reply brief


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reply brief

n. the written legal argument of the respondent (trial court winner) in answer to the "opening brief" of an appellant (a trial court loser who has appealed). (See: appeal, respondent, appellee)

References in periodicals archive ?
1 supplements Rule 56 by setting forth specific procedures for the parties to follow in moving for or opposing summary judgment"); supra notes 7-8 and accompanying text (noting inconsistencies in local reply brief filing rules).
Then, the petitioner gets a limited number of words for the Reply Brief.
Stonestreet Stables, in a reply brief reported by the Bloodhorse, claimed the Tandy motion was filed in "bad faith" by the minority ownership.
Points not argued are waived and shall not be raised in the reply brief, in oral argument, or on petition for rehearing.
LEGAL COMMENTARY: It is well settled as a principle of appellate law that an appellate court will not review an issue not raised in an appellant's brief, but which is raised for the first time in its reply brief.
The FCC's response brief is now due on September 17, and the local government organizations' reply brief will be due on October 4, 2007.
The respondent and the respondent-intervenor also filed two motions in opposition to the petitioner's response to their brief, one to strike portions of the reply brief and the other to disallow the entire reply brief The respondent-intervenor's motion to take judicial notice was allowed.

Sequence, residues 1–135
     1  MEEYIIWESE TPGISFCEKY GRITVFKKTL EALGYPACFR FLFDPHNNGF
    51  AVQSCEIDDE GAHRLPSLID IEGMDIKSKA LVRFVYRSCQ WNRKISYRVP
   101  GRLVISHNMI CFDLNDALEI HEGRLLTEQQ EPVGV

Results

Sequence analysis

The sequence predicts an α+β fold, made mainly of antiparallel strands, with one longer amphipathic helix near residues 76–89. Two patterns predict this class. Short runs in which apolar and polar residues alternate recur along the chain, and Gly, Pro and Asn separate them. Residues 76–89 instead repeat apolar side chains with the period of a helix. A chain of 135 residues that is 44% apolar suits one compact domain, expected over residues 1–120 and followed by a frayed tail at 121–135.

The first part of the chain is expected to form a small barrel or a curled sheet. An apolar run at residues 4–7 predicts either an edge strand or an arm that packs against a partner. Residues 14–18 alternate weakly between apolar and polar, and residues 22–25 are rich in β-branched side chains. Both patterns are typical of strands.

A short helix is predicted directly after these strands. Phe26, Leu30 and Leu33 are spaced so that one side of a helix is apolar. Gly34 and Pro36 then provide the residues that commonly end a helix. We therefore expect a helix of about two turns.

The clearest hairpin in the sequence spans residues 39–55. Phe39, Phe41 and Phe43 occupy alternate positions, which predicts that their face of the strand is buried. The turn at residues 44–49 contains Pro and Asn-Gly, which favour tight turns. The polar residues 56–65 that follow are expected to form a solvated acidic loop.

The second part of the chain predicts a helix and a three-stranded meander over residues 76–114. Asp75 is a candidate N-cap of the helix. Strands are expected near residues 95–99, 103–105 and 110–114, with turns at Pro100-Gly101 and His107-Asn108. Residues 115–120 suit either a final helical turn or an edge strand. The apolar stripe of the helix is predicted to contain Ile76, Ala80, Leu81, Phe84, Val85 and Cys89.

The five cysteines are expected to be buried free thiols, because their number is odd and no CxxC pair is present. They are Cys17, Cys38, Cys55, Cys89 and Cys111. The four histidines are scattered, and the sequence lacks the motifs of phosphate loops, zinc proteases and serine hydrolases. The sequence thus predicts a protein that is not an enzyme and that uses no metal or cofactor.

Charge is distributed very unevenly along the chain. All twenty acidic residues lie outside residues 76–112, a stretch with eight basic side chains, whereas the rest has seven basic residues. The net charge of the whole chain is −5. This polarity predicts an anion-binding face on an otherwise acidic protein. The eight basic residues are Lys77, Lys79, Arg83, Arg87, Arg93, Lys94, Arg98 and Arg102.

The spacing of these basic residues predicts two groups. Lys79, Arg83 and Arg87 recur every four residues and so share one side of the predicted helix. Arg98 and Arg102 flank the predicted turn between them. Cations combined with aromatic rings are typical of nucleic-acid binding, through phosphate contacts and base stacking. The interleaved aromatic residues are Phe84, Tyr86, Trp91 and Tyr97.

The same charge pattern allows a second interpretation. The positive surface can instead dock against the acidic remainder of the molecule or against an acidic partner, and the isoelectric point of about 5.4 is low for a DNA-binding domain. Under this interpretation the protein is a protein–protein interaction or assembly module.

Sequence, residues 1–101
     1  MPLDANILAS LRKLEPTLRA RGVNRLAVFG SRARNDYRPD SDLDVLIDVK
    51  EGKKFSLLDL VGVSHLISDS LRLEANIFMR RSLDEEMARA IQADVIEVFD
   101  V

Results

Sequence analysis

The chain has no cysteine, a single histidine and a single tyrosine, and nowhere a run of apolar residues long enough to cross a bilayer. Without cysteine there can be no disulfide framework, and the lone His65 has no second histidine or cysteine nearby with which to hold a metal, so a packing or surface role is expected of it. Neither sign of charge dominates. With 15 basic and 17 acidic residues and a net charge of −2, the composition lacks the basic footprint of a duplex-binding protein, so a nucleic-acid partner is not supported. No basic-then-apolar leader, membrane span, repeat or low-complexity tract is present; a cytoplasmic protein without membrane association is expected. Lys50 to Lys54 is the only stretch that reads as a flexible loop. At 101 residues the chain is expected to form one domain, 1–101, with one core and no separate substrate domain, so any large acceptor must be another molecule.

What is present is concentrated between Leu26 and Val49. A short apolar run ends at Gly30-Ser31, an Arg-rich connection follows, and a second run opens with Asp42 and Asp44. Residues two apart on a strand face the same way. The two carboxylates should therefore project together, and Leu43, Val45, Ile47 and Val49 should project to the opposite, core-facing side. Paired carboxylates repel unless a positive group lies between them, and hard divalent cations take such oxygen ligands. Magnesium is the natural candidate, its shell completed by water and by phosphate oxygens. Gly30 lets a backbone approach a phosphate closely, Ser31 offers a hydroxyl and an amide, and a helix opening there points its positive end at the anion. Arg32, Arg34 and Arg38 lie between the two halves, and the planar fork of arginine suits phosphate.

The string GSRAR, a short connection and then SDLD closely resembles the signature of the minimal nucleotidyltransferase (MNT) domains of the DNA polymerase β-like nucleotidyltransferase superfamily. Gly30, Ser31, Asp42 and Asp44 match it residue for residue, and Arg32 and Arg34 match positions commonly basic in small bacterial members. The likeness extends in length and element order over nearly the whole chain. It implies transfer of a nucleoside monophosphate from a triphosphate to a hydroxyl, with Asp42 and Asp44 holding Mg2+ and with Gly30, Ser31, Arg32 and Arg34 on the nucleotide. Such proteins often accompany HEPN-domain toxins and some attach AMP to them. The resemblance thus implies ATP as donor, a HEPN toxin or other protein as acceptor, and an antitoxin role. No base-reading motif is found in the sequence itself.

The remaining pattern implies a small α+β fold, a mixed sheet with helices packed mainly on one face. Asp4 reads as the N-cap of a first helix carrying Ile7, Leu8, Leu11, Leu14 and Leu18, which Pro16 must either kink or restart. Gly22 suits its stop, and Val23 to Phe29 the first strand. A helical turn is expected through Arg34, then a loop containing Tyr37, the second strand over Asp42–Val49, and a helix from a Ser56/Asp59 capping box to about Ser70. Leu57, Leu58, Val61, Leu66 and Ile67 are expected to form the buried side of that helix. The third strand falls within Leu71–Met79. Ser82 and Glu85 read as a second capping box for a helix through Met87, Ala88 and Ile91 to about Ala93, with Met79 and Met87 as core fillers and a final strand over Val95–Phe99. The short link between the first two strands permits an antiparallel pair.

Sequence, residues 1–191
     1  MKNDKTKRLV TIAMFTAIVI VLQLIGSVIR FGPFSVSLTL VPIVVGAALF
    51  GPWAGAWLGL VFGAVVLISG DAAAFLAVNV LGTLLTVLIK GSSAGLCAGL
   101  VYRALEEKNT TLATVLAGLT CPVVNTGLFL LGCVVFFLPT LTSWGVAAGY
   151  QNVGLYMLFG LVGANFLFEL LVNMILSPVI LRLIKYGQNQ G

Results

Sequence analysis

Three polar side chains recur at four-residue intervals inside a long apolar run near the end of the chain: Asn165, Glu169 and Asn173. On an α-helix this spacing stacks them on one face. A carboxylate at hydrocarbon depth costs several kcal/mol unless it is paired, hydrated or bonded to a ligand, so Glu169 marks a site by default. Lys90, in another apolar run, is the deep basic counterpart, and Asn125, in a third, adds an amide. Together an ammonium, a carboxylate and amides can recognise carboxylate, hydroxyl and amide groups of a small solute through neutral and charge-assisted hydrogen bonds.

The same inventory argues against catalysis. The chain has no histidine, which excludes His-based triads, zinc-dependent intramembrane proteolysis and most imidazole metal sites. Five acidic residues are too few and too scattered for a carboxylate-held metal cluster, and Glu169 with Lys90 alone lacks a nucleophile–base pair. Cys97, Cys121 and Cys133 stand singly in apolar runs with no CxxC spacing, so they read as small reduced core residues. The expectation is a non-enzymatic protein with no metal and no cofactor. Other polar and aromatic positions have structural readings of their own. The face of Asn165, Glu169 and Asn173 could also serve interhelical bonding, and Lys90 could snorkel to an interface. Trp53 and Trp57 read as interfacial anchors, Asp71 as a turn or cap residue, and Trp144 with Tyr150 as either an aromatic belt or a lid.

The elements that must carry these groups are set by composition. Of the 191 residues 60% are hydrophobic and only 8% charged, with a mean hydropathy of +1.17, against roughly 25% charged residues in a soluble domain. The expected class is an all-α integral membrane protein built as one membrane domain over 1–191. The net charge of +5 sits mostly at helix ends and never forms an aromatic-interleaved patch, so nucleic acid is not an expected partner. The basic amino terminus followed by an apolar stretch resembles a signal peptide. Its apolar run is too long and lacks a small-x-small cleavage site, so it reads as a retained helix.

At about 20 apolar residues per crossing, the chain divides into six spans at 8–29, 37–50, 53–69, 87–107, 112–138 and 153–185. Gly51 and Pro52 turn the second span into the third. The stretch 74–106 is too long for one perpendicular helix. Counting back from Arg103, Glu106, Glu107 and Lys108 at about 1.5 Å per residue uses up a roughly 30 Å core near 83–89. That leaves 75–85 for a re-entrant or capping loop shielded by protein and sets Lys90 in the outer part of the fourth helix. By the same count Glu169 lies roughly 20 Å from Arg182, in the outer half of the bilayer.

The deadline for a response from the government is February 27, with a reply brief required no later than March 13.
After Board Enforcement Counsel filed a motion with the ALJ to overrule these, and other, privilege objections, Bazy filed an opposition to Enforcement Counsel's motion and a sur-reply to its reply brief.
But you could see by the looks flitting over their eyes, that they fervently hoped I would keep my reply brief.
In its reply brief the IRS argued that the sale of RHI stock to HMI was a redemption taxable as a dividend because of the sections 304 and 302 overlap (sale of the stock to a sister corporation).
In her reply brief, Mary Beth Cyze, assistant corporation counsel for Wilmette, argued that constitutional privacy protection applies only to "fundamental" rights, and that the courts have never put owning a handgun in that category.